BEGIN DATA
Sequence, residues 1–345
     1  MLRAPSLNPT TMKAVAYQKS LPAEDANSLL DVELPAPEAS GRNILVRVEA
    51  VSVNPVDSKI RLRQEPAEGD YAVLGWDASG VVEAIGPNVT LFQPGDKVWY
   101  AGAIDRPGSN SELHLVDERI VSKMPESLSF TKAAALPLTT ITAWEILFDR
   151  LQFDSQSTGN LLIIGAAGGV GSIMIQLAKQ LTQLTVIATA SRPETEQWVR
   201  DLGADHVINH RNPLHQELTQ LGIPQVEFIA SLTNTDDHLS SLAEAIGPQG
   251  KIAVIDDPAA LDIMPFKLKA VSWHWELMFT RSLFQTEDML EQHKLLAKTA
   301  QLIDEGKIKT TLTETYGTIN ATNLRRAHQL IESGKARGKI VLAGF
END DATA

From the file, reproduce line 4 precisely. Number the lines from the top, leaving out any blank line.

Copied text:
   101  AGAIDRPGSN SELHLVDERI VSKMPESLSF TKAAALPLTT ITAWEILFDR